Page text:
Jon Seligman, Paul Bauman, Richard Freund, Harry Jol, Alastair McClymont, and Philip Reeder
The Ponar-Paneriai base, the main extermination site of Vilna-Vilnius, began its existence as a Red Army fuel depot in 1940. After Nazi occupation of the city in 1941 the Einsatzgruppen and mostly Lithuanian members of the Ypatingasis būrys used the pits dug for the fuel tanks for the murder of the Jews of Vilna and large numbers of Polish residents. During its operation, Ponar was cordoned off, but changes to the topography of the site since the Second World War have made a full understanding of the site difficult. This article uses contemporary plans and aerial photographs to reconstruct the layout of the site, in order to better understand the process of extermination, the size of the Ponar base and how the site was gradually reduced in size after 1944.
The French search mission for the corpses of deportees in Germany, 1946–58
resulted.7 Conversely, the limited research on the place of
the corpse in mass violence and wars has had little impact on the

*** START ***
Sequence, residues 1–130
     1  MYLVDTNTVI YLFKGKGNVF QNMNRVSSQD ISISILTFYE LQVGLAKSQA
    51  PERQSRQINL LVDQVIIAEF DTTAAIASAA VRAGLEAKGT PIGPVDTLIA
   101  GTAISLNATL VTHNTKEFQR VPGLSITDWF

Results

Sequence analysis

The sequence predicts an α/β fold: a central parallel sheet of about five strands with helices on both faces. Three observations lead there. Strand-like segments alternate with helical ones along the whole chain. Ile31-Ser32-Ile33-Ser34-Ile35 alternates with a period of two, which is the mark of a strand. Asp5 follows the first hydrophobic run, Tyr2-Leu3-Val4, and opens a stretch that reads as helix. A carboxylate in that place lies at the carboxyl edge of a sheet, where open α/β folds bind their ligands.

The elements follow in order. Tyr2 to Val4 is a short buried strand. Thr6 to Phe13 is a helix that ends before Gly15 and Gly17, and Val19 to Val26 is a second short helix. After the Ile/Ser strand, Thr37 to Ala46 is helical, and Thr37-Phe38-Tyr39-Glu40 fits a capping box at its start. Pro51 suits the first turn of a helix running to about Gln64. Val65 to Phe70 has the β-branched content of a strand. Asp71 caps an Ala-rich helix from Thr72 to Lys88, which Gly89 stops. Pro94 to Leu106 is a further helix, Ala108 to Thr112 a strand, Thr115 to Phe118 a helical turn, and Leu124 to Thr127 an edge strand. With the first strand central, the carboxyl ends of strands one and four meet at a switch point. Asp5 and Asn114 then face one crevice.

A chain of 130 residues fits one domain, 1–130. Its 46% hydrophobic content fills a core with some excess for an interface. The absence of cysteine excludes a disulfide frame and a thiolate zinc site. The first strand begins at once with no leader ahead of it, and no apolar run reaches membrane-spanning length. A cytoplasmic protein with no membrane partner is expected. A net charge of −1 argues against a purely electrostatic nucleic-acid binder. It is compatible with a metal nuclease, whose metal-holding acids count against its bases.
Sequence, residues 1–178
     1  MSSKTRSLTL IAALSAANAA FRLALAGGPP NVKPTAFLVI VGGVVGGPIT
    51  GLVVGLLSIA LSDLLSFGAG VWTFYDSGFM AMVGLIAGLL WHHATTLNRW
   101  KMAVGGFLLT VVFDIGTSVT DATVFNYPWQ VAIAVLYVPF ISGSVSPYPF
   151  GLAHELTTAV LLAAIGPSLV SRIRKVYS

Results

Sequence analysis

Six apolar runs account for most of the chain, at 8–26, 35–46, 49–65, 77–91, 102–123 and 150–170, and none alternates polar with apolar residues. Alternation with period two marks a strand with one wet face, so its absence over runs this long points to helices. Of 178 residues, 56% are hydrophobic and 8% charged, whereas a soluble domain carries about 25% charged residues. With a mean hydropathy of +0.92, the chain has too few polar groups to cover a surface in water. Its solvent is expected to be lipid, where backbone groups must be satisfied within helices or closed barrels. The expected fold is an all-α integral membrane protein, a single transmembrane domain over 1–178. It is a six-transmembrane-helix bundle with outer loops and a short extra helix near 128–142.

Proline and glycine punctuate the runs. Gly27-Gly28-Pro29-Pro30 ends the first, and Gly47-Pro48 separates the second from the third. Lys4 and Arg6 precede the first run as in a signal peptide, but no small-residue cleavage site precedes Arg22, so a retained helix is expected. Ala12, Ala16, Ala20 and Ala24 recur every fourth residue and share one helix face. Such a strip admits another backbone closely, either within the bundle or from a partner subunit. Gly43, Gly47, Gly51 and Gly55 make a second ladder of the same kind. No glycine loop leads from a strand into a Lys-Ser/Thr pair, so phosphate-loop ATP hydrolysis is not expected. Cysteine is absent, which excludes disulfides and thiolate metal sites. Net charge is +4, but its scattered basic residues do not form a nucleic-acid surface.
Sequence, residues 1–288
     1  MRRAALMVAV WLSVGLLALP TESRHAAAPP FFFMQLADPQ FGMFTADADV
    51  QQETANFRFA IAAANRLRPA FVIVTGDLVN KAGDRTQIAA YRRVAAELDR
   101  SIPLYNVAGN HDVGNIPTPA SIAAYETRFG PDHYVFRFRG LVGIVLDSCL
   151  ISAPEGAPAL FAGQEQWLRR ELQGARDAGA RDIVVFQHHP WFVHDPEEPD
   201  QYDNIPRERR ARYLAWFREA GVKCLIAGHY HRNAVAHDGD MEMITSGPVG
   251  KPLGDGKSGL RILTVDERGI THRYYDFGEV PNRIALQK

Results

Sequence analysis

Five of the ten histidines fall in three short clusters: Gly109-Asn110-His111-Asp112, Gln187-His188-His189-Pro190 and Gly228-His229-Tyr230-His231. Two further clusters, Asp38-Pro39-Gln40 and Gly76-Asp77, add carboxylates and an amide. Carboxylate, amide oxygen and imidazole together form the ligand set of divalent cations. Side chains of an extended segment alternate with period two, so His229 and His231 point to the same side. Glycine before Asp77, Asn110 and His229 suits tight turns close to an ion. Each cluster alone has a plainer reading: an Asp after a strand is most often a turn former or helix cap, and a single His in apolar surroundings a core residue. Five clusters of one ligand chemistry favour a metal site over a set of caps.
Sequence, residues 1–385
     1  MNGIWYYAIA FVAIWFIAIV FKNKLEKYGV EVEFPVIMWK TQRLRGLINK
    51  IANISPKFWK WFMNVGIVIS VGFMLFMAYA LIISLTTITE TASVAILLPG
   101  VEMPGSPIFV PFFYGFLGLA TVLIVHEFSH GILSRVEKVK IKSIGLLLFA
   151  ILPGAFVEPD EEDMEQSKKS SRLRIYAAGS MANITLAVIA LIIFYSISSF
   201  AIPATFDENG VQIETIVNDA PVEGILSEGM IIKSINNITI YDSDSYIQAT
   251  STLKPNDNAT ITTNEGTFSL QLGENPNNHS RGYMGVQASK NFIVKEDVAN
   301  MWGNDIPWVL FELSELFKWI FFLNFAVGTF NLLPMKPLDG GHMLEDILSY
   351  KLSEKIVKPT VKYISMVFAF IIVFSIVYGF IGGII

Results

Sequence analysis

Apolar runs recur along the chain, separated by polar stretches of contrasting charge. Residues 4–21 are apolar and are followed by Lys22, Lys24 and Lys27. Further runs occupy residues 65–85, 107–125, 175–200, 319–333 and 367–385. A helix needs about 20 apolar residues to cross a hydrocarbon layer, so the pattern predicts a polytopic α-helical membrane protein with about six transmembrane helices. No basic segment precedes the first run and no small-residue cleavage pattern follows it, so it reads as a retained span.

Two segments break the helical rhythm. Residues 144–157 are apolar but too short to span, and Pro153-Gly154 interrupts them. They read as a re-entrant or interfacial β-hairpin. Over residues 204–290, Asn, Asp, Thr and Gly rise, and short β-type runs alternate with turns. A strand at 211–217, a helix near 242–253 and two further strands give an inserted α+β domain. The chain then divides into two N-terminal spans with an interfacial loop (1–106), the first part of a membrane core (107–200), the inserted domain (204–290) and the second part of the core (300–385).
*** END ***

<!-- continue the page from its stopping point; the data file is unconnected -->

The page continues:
historical analysis of genocide. There again, the body is only briefly
addressed, often in discussions on methods of killing. The Holocaust is almost an exception, with detailed, but limited, research on
gas chambers, crematoria and, more recently, the organization and
techniques used by the mobile death squads in eastern Europe, the
Einsatzgruppen.8 Historical research could gain much, however, by
considering mass corpses and by studying
Forensic and archaeological approaches to locating the remains of Holocaust victims
Caroline Sturdy Colls
bodies and obliterating the traces of bodies of Jews killed by the
Einsatzgruppen (1947)’, in Y. Arad, I. Gutman and A. Margaliot (eds),
Documents on the Holocaust, Selected Sources on the Destruction of the
Jews of Germany and Austria, Poland and the Soviet Union (Lincoln, NE
and London: University of Nebraska Press, 1981), pp. 471–3; IMTN,
Trial of the Major War Criminals, vol. 1.
48 T. Thompson, ‘Heat-induced dimensional changes in bone and their
consequences for forensic anthropology’, Journal of Forensic Science,
50:5 (2005), 1008–15; T. Thompson, ‘Recent
differs from that of an actual corpse.
The actual question regarding the exhumation of ashes received
only two opposing definitive answers –one for and one against.
Questions concerning remains were divided between a general
format and those with a specific local context. For example, nine
questions concerned the shooting pits used for victims in areas bordering the Baltic states and the death paths of the Einsatzgruppen
units (for example, Tarnopol, Bochnia, Saramas, Konau and
Kupishok), another five were related to concentration and death
camp exhumations (Bergen